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[kon-ver-sey-shuh n] /ˌkɒn vərˈseɪ ʃən/
informal interchange of thoughts, information, etc., by spoken words; oral communication between persons; talk; colloquy.
an instance of this.
association or social intercourse; intimate acquaintance.
the ability to talk socially with others:
She writes well but has no conversation.
  1. behavior or manner of living.
  2. close familiarity; intimate acquaintance, as from constant use or study.
Origin of conversation
1300-50; Middle English conversacio(u)n < Latin conversātiōn- (stem of conversātiō) society, intercourse, equivalent to conversāt(us) past participle of conversārī to associate with (see converse1) + -iōn- -ion
Related forms
preconversation, noun
1. dialogue, chat. Unabridged
Based on the Random House Dictionary, © Random House, Inc. 2015.
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Examples from the Web for conversation
Contemporary Examples
Historical Examples
  • Miss Waldstricker whirled suddenly to bring him into the conversation.

    The Secret of the Storm Country Grace Miller White
  • Mr. Davis, may I ask the favor of a few minutes' conversation with you in private?

    Brave and Bold Horatio Alger
  • And nothing could be more respectful than Jasper's manner and conversation.

    What Will He Do With It, Complete Edward Bulwer-Lytton
  • "Not at all," persisted he, accepting as conversation what she meant as a stab.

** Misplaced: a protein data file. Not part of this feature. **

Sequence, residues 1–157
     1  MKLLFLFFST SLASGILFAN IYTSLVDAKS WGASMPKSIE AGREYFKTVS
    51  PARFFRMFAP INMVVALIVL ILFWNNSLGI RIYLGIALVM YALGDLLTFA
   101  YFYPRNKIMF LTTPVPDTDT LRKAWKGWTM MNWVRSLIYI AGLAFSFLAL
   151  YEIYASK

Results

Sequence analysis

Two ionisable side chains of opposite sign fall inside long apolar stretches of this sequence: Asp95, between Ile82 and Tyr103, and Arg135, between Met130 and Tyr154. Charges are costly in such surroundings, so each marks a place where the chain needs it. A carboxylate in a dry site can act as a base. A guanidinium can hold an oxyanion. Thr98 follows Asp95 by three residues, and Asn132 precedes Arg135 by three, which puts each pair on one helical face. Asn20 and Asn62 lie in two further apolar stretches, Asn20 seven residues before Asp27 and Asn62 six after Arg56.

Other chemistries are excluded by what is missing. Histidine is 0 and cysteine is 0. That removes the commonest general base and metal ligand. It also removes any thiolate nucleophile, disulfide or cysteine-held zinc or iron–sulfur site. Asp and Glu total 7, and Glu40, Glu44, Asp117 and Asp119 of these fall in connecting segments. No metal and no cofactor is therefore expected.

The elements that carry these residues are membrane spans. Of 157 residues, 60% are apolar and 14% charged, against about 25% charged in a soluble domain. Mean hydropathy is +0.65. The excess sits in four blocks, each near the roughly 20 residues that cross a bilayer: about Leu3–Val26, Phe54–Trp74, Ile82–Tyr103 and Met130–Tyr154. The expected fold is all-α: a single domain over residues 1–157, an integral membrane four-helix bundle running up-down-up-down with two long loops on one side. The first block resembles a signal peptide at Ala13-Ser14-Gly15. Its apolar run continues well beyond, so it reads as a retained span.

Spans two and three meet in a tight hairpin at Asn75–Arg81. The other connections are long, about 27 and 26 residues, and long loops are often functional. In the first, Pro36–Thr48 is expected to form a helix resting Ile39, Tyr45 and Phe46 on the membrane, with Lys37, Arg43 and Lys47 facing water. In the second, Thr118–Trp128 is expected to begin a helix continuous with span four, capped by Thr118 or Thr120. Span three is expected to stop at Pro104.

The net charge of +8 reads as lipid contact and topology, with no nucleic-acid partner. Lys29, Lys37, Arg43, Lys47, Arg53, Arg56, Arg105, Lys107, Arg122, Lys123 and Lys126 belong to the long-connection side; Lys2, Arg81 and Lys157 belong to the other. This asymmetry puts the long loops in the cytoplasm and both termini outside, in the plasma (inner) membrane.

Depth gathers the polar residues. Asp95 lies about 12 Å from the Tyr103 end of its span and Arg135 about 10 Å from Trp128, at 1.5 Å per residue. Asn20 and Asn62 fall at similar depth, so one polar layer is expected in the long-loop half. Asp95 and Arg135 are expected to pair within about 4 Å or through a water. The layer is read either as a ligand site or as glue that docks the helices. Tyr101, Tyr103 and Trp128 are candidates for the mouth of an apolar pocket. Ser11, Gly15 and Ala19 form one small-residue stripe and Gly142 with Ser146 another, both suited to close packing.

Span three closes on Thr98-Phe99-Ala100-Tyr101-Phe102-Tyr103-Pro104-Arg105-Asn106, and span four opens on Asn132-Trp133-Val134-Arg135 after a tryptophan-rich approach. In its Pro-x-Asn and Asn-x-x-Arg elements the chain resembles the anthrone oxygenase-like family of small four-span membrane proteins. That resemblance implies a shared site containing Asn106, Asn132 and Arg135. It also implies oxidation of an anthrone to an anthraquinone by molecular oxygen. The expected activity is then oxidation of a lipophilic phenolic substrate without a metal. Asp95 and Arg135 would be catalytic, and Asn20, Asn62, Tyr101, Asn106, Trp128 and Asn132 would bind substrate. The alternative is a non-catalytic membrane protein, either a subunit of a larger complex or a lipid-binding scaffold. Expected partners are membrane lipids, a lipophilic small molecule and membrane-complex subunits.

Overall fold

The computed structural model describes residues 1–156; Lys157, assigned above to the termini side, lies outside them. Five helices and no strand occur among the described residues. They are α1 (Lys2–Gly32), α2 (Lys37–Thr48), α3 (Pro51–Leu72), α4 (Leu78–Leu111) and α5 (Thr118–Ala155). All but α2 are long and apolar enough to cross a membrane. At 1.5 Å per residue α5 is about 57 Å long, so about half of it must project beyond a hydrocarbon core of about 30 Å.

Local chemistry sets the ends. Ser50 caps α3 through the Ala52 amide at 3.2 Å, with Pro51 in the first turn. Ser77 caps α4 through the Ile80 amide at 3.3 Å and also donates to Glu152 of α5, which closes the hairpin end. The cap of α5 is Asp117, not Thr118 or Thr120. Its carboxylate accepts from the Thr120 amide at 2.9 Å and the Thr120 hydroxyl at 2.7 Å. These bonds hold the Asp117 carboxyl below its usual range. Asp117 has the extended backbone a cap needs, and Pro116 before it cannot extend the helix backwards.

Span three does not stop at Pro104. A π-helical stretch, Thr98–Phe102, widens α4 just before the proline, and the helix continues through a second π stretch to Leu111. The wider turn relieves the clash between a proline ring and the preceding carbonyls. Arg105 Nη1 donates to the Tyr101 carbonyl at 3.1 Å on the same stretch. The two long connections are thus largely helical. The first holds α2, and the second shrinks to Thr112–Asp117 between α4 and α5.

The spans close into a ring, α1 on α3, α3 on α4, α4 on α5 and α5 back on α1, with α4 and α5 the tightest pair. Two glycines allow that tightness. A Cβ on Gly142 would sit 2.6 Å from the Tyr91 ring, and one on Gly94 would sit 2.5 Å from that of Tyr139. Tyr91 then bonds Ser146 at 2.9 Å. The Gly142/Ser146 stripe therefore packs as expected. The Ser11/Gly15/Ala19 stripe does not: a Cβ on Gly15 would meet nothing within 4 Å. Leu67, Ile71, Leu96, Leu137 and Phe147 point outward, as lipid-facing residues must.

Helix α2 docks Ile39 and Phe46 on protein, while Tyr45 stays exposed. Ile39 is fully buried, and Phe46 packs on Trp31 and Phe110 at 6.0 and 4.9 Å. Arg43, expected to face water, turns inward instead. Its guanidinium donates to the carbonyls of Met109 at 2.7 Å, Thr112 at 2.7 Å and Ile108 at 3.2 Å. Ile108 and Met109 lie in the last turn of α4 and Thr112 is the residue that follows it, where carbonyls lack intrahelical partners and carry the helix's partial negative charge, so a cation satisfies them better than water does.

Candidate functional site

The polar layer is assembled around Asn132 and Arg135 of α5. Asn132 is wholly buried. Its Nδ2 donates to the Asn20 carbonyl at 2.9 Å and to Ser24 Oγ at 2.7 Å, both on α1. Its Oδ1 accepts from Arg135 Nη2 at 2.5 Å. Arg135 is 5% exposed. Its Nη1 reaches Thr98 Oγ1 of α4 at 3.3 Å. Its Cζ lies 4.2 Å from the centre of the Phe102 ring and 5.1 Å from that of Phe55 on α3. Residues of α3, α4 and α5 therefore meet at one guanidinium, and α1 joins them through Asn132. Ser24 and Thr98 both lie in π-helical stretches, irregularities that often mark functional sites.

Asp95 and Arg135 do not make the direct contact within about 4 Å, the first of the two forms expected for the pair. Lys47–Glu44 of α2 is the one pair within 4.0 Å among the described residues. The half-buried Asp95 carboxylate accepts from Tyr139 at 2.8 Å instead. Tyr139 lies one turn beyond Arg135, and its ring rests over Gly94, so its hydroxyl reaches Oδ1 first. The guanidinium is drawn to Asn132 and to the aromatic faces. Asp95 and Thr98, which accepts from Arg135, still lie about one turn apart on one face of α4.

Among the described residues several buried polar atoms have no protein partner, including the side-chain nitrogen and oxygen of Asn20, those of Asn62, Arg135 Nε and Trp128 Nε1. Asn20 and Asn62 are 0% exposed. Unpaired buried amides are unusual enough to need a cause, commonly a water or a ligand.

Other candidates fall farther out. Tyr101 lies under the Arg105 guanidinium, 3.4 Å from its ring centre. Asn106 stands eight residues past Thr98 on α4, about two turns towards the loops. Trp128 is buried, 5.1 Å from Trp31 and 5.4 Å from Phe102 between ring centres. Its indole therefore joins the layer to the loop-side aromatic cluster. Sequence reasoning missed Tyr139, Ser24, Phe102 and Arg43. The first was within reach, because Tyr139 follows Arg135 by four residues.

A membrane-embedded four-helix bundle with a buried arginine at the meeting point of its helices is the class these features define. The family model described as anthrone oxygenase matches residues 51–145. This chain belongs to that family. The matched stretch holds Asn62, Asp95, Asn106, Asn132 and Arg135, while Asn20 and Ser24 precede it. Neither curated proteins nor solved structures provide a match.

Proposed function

Malbone Thomas Wentworth Higginson
  • To this Lucy thought it best to make no answer, and the conversation for a while was dropped.

    The Eustace Diamonds Anthony Trollope
British Dictionary definitions for conversation


the interchange through speech of information, ideas, etc; spoken communication
make conversation, to talk in an artificial way
adjective colloquial
Collins English Dictionary - Complete & Unabridged 2012 Digital Edition
© William Collins Sons & Co. Ltd. 1979, 1986 © HarperCollins
Publishers 1998, 2000, 2003, 2005, 2006, 2007, 2009, 2012
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Word Origin and History for conversation

mid-14c., "living together, having dealings with others," also "manner of conducting oneself in the world;" from Old French conversation, from Latin conversationem (nominative conversatio) "act of living with," noun of action from past participle stem of conversari "to live with, keep company with," literally "turn about with," from Latin com- "with" (see com-) + vertare, frequentative of vertere (see versus).

Specific sense of "talk" is 1570s. Used as a synonym for "sexual intercourse" from at least 1511, hence criminal conversation, legal term for adultery from late 18c. Related: Conversationalist; conversationist.

Online Etymology Dictionary, © 2010 Douglas Harper
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conversation in the Bible

generally the goings out and in of social intercourse (Eph. 2:3; 4:22; R.V., "manner of life"); one's deportment or course of life. This word is never used in Scripture in the sense of verbal communication from one to another (Ps. 50:23; Heb. 13:5). In Phil. 1:27 and 3:20, a different Greek word is used. It there means one's relations to a community as a citizen, i.e., citizenship.

Easton's 1897 Bible Dictionary
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Idioms and Phrases with conversation


In addition to the idiom beginning with conversation also see: make conversation
The American Heritage® Idioms Dictionary
Copyright © 2002, 2001, 1995 by Houghton Mifflin Company. Published by Houghton Mifflin Company.
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